BulletinsFebruary 5, 2020
Europe’s Vodafone will remove Huawei from its ‘core’ network.
The telecom giant said it will spend five years and €200 million, or about $220 million, in order to comply with new rules in Europe.
- The U.K. recently banned Huawei from its "core" 5G infrastructure and the EU has recommended its member states do the same, in response to concerns about the company's ties to the Chinese government. (A network's "core" is where sensitive data is processed.)
- Vodafone said that only a small amount of U.K. equipment needed to be changed, with most of the work taking place across Europe.
- Perhaps more problematic would be if other countries in the EU adopt another U.K. rule, which limits use of Huawei equipment on the network's "periphery" — the stations and antennas that connect devices to the core — to a 35 per cent market share. The British telecom provider BT, which is over that cap, has said it will spend £500 million, or about $650 million, replacing such equipment. Vodafone said a Europe-wide ban could delay 5G launches by up to five years.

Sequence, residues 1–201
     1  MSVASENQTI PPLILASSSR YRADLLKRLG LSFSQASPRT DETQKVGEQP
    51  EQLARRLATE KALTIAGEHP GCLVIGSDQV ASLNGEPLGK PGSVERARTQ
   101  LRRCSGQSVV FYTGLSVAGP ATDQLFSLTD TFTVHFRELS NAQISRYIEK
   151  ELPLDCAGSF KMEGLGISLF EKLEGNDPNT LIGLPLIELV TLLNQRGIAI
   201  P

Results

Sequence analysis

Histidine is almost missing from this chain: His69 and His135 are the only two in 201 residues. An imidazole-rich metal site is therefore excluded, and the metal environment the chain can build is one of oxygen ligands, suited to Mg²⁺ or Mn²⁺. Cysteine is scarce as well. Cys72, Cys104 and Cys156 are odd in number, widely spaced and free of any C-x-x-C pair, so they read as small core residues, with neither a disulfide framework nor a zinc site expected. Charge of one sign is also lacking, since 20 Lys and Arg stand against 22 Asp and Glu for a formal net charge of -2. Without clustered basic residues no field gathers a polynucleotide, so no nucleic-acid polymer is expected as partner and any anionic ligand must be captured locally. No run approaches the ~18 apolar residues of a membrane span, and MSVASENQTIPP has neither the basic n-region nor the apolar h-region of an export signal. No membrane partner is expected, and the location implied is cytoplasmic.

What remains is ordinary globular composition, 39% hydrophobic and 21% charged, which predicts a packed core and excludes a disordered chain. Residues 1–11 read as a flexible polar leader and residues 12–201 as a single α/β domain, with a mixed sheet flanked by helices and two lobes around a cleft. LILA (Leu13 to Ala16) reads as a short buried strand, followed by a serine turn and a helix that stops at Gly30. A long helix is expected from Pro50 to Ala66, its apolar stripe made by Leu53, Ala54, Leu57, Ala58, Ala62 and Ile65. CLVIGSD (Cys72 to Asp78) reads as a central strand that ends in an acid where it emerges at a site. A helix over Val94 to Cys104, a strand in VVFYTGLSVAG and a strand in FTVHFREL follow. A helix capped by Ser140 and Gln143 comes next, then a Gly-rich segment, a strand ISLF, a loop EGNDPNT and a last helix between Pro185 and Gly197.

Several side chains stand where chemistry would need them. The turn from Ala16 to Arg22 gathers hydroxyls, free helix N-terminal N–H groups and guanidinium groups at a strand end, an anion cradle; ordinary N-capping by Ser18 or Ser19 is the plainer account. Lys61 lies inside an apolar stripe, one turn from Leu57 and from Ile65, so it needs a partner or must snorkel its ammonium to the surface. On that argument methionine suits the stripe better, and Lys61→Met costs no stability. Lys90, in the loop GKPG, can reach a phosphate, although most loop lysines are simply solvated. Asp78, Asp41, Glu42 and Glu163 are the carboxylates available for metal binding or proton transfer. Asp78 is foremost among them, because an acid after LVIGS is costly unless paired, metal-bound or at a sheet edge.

- Huawei, meanwhile, is trying to keep European nations happy: On Tuesday, its European vice president Abraham Liu said it would open 5G factories in Europe, to provide "5G for Europe made in Europe."
- Given the EU's suggested limits aren't binding, it will be interesting to see if Huawei can maintain some goodwill on the continent.